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  • Writer's pictureRoger Sims, Journal Staff

Prairie View begins surveying parents about childcare needs

Updated: Apr 11

The Prairie View school district is looking to parents of young children to determine childcare needs in the district. (Wix file photo)


By Roger Sims, rsims@linnjournal.com


LA CYGNE – Parents of children in the Prairie View school district have been asked to weigh in about their childcare needs after the board of education gave district Superintendent Chris Johnson the green light to research potential demand for daycare at its February meeting.


The decision by the Prairie View board puts a spotlight on what many involved in early childhood development see as a crucial shortcoming in Linn County and the state of Kansas that needs to be addressed.


The decision by the Prairie View board came following a presentation by Callie Hoffman, representative for United Way for Linn and Miami counties and director of the area Parents as Teachers program. Hoffman told the board that there was a pool of money, about $450,000, that was available for the Osawatomie school district and the Prairie View district to share on early childhood development programs.


The funds became available for Prairie View after a bond issue proposal by the Paola school district did not receive voter approval in November, and that district shelved its project. The funds from the grant must be spent by June, so time was of the essence in completing the preliminary work by the Prairie View district.


Hoffman made it clear that while the money could be used to hire staff to do the feasibility study, there was not enough money to sustain a childcare operation and the district would need to find other resources for that.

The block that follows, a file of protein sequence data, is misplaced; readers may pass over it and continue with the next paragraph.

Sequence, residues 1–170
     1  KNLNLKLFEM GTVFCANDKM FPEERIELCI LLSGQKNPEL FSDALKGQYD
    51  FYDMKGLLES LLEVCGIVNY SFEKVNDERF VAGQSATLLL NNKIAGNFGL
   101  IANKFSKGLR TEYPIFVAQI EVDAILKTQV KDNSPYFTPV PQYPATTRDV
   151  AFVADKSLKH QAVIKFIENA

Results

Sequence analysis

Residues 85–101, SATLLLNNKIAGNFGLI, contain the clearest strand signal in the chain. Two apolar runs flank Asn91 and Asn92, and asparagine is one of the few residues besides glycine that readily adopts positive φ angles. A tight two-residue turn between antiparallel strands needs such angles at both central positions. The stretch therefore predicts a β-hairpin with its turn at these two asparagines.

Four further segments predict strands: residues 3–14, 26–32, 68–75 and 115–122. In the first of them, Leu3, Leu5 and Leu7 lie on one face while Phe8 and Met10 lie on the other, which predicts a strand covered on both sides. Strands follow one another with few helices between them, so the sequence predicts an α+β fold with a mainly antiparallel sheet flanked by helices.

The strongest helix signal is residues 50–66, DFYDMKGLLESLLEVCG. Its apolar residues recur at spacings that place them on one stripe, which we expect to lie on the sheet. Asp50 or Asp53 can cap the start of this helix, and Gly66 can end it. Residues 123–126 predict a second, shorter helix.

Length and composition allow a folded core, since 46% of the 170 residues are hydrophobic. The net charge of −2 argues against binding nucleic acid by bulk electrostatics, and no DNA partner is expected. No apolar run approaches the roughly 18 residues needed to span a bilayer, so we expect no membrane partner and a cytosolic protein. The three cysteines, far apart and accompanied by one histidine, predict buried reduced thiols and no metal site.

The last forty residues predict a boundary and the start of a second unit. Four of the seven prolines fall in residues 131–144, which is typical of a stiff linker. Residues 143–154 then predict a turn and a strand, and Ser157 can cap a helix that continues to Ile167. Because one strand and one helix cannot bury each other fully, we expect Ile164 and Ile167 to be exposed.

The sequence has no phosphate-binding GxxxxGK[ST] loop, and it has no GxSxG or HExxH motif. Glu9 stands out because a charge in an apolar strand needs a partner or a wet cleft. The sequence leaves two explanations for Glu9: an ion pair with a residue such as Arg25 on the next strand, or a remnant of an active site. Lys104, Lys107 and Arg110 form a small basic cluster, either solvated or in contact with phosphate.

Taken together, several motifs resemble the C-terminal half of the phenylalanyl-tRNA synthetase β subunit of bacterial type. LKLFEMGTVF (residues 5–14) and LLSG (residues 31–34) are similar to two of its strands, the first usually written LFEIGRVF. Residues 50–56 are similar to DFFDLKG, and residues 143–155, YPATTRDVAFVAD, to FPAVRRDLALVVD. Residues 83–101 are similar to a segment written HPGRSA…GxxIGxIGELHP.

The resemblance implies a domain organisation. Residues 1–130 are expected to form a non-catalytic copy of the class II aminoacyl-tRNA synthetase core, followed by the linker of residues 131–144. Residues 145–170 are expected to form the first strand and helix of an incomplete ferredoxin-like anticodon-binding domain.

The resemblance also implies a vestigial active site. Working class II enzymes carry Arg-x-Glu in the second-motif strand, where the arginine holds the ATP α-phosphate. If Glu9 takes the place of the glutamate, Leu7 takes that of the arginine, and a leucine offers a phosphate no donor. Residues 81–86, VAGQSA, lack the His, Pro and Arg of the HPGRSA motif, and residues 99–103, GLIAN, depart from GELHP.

Last year Johnson proposed to the Prairie View board that it should consider offering daycare to the public, including to staff. She suggested that it would be an enticement in recruiting teachers and other staff members who had young children at home, however, she also recognized that there was a need in the community.


In her discussion with the board in February, Hoffman said there was a dire need for daycare in the area. Because of that, United Way shifted its focus 18 months ago to address that pressing concern.


“The state of Kansas has a major childcare problem, and Linn County has a catastrophic childcare problem,” she said.


She presented information developed by Child Care Aware of Kansas that showed that Linn County was one of four counties in the state that had as many as 40 children needing childcare for every opening at a childcare center in the county.


According to the organization, there are currently eight licensed family or group child care homes operating in Linn County. The homes charge more than $130 weekly for full-time child care, more than $70 weekly for part-time care, or $4.50 hourly.


Hoffman said that, because of the shortage of open slots, many Linn County parents were driving an hour both ways to a daycare center before then driving on to their jobs. For the children that time would be better spent in some enrichment activity.


According to Johnson, Prairie View does not have a set dollar amount that it can spend for development of a daycare program. Instead it will share that pot of money with the Osawatomie school district. 


Osawatomie’s plan is to take its existing pre-kindergarten classes, which currently meet for part of the day, and expand them into daylong classes so they can be in one place while their parents work all day.


She said it would allow more Prairie View pre-K children to attend those classes. Currently parents don’t enroll their children in pre-K classes because students are only enrolled part of a day


Jessica Hightower, assistant public works director who also acts as economic development director for Linn County, welcomed news that the school district was interested in providing that service. She saw district involvement as a stopgap measure because current providers couldn’t provide enough openings.


The childcare deficiency was one of the problems Hightower looked at in 2022. She received permission from the county commission to form a committee to look at the problem, but when it became apparent that commissioners were not interested in providing funds to address the issue, that committee fell to the wayside.


Most if not all of the childcare providers in Linn County are home-based operations and must meet a mountain of strict regulations, according to Bonnie Hobson. For several years Hobson has run home daycare centers in Kansas, California and Washington state.